The Department of Education is now well past the Jan. 25 date it had predicted students would return to school, and during a Legislative hearing Friday, officials from both the Department of Education and the Board of Education were unable to give the lawmakers a firm reopening date.
“There are no official dates,” Education Commissioner Racquel Berry-Benjamin told Friday’s hearing of the Senate’s Committee on Education and Workforce Development. “There is no target date at this point. As early as next week we are looking to open the pre-K classes on St. Croix, but that decision will not be made today. That is the closest I can give you.”
Berry-Benjamin said no official reopening date would be announced until the department was “confident in the safe return of students, faculty, and staff to our facilities.”
Instead of all schools opening territorywide, Berry-Benjamin said the department is using a hybrid instructional plan and each school will be opened on a staggered basis based on each school’s readiness.
“This will look similar to the territory’s 2017 hurricane season, when students returned to their school campuses gradually as school buildings were repaired following the storms,” Berry-Benjamin said. “The hybrid model also provides for students in grades fourth to 12 to continue learning from home. We anticipate being able to provide definitive dates, in the coming weeks, for schools that are closer to completion than others.”
Several senators were displeased to not receive an official date for the territory’s relaunch of in-person academics.
“You need a benchmark. You need a target date. At least people have to work towards something,” Sen. Janelle Sarauw said. “When you just have an open window then we will just be dragging our feet when this come, that come. You need a target date, and the public needs a target date … of when you intend to open schools.”
Unable to provide a date, Berry-Benjamin listed the “many other factors” associated with the reopening of schools that pose challenges.
The territory’s schools must be outfitted with appropriate signage, personal protective equipment resources, thermal scanners, and handheld thermometers. Berry-Benjamin said L-shaped desk barriers and automatic hand sanitizer dispensers have been placed in every classroom. Student tri-fold partitions are being shipped into the territory and touchless soap dispensers have been mounted in bathrooms, in addition to handwashing stations that are placed throughout the school campuses.
“All efforts have been taken to ensure that our schools are reopened,” Berry-Benjamin said. But preparing the facilities is only a fraction of what the department needs to do before students can once again attend class in-person.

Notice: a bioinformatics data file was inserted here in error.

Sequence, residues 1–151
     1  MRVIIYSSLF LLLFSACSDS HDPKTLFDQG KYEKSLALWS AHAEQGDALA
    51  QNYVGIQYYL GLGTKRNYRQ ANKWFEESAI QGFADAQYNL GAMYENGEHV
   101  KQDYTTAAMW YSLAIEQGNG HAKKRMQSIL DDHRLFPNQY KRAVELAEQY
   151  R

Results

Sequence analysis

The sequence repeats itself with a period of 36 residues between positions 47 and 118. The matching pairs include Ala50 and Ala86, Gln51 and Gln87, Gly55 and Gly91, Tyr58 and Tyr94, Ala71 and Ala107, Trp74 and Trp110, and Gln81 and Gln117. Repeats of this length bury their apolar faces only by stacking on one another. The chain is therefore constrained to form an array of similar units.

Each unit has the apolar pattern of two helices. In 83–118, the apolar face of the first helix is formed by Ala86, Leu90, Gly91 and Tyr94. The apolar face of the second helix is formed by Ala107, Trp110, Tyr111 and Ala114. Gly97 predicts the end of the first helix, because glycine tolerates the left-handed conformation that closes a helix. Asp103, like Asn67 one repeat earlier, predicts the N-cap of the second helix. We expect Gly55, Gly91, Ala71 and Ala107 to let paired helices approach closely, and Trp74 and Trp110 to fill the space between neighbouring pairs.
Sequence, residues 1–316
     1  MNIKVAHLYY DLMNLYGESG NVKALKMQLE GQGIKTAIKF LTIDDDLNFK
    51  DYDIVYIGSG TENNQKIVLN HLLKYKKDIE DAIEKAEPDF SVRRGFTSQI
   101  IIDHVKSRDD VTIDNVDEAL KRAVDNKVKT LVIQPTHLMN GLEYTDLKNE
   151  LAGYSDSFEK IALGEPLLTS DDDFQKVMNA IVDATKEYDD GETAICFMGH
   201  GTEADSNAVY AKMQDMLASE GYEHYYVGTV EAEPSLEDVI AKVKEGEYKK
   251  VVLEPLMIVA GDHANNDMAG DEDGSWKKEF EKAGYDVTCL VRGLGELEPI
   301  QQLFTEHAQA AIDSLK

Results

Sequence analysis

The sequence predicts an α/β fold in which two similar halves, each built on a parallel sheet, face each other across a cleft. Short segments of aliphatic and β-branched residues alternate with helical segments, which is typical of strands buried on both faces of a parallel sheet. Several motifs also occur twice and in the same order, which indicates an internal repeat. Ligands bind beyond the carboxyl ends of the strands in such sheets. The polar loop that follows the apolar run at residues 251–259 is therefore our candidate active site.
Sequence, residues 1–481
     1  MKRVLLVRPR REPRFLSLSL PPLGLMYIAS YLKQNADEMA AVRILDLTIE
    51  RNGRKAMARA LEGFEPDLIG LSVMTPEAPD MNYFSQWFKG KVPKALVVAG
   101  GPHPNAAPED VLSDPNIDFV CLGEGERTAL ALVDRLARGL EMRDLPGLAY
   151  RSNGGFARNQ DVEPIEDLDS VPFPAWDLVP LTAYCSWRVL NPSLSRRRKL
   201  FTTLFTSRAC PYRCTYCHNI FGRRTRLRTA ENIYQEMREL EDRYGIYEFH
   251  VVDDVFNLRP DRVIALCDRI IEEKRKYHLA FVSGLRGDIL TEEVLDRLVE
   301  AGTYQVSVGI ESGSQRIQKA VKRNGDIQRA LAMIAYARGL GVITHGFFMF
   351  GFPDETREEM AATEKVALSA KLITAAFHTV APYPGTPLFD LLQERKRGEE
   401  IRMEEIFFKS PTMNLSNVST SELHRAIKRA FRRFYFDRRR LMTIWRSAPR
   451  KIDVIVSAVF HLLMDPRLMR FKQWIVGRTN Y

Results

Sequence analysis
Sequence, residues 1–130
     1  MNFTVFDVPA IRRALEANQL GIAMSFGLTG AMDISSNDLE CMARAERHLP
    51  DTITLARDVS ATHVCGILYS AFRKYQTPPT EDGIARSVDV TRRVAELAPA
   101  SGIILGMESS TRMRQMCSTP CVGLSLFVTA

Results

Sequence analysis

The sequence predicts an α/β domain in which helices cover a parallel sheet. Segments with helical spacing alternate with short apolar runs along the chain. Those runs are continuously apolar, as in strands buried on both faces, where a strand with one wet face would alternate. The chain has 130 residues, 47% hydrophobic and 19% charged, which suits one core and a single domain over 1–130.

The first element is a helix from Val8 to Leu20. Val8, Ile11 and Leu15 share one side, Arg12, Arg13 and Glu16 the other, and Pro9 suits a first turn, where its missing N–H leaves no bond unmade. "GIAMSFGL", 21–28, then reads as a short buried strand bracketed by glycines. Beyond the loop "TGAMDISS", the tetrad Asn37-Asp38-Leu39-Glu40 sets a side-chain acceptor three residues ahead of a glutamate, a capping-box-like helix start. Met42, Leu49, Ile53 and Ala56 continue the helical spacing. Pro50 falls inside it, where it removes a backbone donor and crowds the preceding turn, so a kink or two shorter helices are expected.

“There are several obstacles,” Berry-Benjamin said, such as parents who have indicated the need for bus transportation.
“Our goal right now is to get our students to school by asking parents,” Berry-Benjamin said. “But of course all parents don’t drive and many of our students ride the bus. If that doesn’t balance out, then of course it is going to force us to change our in-person schedule because buses won’t arrive in a timely manner, because they have to do multiple trips to pick up our students. Which means any instruction would have to stagger.”
Despite the challenges, Berry-Benjamin said at some point schools will reopen and each school will host a “reopening orientation session” for parents as there will be new rules, guidelines and procedures to adjust to.
“We anticipate being able to provide definitive dates, in the coming weeks, for schools that are closer to completion than others,” Berry-Benjamin said.
Education’s public relations office will provide an official release on when each school is determined to be safe, Berry-Benjamin said.
Thursday on the Government House “Press Box” video series, Berry-Benjamin had said much the same thing, discussing the goals and obstacles of school reopening.
“We will have a series of dates to reopen our schools. This is because each school requires a different level of resources to complete its reopening,” she said.
The Department of Education has been working with the Department of Health to evaluate whether it is safe for students to return to the classroom, Berry-Benjamin said on Press Box. The Department of Education has since received the green light for the first group of children who will be returning to school.
“At this time, we are at a safe place, not the safest, but safe place, COVID-19 wise as it relates to our resources,” Berry-Benjamin said.
“Various research for many years has shown that our youngest learners learn best socially in classrooms among peers under the guidance of a teacher,” Berry-Benjamin said Thursday. “They learn from observation and watching the behaviors of the teacher, their peer students, and teachers being able to model what should be done and what should not be done.” As for the special education students, Berry-Benjamin said, “They rely on tactile environments and require the engagement of a therapist in some cases.”
The technical students are skill-based and require hands-on learning and require several credits to complete the program.
In January, the V.I. Department of Education conducted a soft opening so that students can learn the directional signs, how to keep six feet apart, and learning to communicate without physical touch. This helped acclimate children to the changes.
Cafeterias will be closed, but students have the “grab and go” option where you can grab your lunch and eat at your desk. Students who remain at home will still be provided breakfast and lunch. So far 399,000 meals have been distributed for the 2020-2021 school year.
Currently, vaccines are not mandatory. Berry-Benjamin said, “Many of our teachers have seen the importance of being vaccinated and have taken the step forward to be vaccinated.”
Editor’s note: Diana Dias contributed to this report.